What It's Like Being Asked 'How Are You?'
There is a feeling comes from Crohn’s or depression. It’s a feeling I get when someone asks, “How are you?”
It’s not one that I can easily describe, and not one I would want to either…but let me try and illustrate. Picture the following:
Your in an open field, long grass around. You’re young – probably in your early teens, skipping along, playing with your friends in the field. The sun warm on your face and a light breeze refreshing from the back.
As you are playing with your friends, the colors start to dim. The vibrant green of the grass has lost some luster. They sky is more muted than before. The sun is still shining, but less and less warmth comes from it’s rays.
You mention this to your friends. They don’t see any change.
“Maybe you’re just tired, go lie down for a bit. We’ll run ahead a little and then come back to get you in an hour,” said one friend.
You agree – that must be it. You have been playing all morning and most of the afternoon. It’s normal to need to rest when you have over exerted yourself. So you walk to a small hill in the middle of the field and lie down.
A few minutes pass and rest, or even sleep for that matter, is impossible. Something does not feel right and it makes you uneasy.
Opening your eyes, you can barely make out the colors now. From what you can tell the sun is still in the sky, but it feels empty. The grass around you feels more brittle than before and looks almost grey. Reaching out, you try to touch a long grass blade next to you. But, instead of the comforting silk you felt hours ago, the blade of grass cuts your hand.
You scream out in pain and shock. Mostly shock.
Curiously, there is no injury from anything to find out what’s wrong.
Surely your friends are nearby, right? As you get up, you see some figures ahead of you – could that be them?
Starting to panic, you run to the figures – the blades of grass making small cuts into your skin as you go. You yell from the pain, but the figures do not acknowledge anything you say.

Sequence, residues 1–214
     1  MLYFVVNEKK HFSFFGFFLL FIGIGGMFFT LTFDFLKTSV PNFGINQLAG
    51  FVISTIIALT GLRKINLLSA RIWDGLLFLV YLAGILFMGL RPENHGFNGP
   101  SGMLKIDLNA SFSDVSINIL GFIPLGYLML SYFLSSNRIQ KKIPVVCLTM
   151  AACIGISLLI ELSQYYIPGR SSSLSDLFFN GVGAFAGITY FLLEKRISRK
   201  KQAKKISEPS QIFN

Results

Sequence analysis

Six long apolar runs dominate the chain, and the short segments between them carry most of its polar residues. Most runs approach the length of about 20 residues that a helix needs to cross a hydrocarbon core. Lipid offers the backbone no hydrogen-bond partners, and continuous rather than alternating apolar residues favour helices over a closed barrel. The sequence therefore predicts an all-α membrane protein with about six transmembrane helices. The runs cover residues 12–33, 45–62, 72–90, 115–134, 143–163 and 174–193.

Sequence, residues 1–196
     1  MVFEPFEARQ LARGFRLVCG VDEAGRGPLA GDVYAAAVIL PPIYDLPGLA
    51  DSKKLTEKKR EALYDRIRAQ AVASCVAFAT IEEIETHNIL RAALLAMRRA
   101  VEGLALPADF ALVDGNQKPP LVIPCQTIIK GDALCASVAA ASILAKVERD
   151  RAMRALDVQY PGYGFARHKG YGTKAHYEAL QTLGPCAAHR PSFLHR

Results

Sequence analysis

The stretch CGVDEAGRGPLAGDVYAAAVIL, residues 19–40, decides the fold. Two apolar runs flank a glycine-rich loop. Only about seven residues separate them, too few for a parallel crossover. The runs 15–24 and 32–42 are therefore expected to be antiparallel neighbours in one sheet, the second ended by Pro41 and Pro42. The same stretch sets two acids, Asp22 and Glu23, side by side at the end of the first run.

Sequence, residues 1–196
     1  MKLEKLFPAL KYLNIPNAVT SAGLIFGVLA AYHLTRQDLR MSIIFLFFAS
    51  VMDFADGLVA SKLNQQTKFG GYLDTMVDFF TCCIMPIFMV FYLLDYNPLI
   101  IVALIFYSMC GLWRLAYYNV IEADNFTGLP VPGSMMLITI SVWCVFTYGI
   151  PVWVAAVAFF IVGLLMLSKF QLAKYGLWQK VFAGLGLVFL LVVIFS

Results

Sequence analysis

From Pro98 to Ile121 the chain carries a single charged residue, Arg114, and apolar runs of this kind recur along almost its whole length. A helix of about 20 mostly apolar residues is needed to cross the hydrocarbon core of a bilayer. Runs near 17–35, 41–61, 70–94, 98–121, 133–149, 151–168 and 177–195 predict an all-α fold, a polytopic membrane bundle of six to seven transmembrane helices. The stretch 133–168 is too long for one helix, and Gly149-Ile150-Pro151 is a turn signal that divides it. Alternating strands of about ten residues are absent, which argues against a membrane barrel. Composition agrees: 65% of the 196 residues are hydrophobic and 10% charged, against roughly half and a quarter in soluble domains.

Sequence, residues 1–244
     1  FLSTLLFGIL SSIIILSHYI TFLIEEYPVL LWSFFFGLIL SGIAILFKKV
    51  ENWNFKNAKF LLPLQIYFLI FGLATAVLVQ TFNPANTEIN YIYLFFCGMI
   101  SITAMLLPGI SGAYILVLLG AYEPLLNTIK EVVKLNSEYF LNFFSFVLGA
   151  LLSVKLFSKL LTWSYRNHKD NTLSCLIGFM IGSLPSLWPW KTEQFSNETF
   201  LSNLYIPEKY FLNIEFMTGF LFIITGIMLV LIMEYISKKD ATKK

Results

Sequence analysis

Or any cries you make.
Finally you catch up to the figures, exhausted.
“Did you not hear me?” your voice does not bother to hide your anger or hurt from their lack of concern.
“Whatever do you mean?” one figure raises their hands and shrugs, “We saw you were running to catch up to us and we figured you saw a snake.”
“A snake?” Perplexed and dazed you find yourself saying, “Haven’t you noticed this place has changed?”
“In what way?” another figure inquires.
You explain everything. As you get to the blades of grass cutting you, the third figure interrupts, “There aren’t any cuts on you, your not bleeding.”
Confounded by the remark, you look down and see all of the wounds – the old and new ones from the grass.
“You don’t see this?” raising up your cut hand, “or feel the emptiness of the sun, or see the blurriness of the colors and shapes?” Your other hand is motioning to the environment around.
All three laugh.
“Well of course it’s blurry and cold. It’s raining now,” the first figure said.
“No. That’s not…” you try to clarify.
“You must not have gotten enough sleep,” the second figure declared, “maybe we should go back so you can rest more.”
“ I don’t need…” you try again to clarify. Are they not listening?
“It’s not that big of a deal, you are exaggerating.”
In that moment…
How are you?
Whatever you call that feeling, that is how I am when that question is asked.
That is why I do not usually answer truthfully to the question, “How are you?”
My physical appearance does not show my illness. It’s not like a cut on the hand.
It is cuts, polyps and inflammation – that much is true, but it is all on the inside. Not on the outside.
Which, funny enough, makes it more dangerous…but also less believable.
I would rather not explain that to someone who is just being polite and does not really want to know the truth.
Some people really do want to know, and to them I am honest.
My partner, friends and some family know the truth. To them I am honest.
To them I tell the truth.
The truth that today I would have rather not existed, if it meant being pain-free. And I should not think like that.
The truth that I am angry at myself for having an illness that I have no control over. And I know I should not be.
The truth that all I really want and need is for someone to listen and say that I am not alone. Even if it is a lie.
A truth that most people would find to be a lie and a “cry for attention.” An absolutely laughable notion. I do not need or want attention. Far from it.
I so desperately want to be normal.
So when the rest of the world inquires, “How are you?” I put on my crystal mask where the smile never waivers and say, “I’m fine – how are you?”
Getty Image by orbandomonkos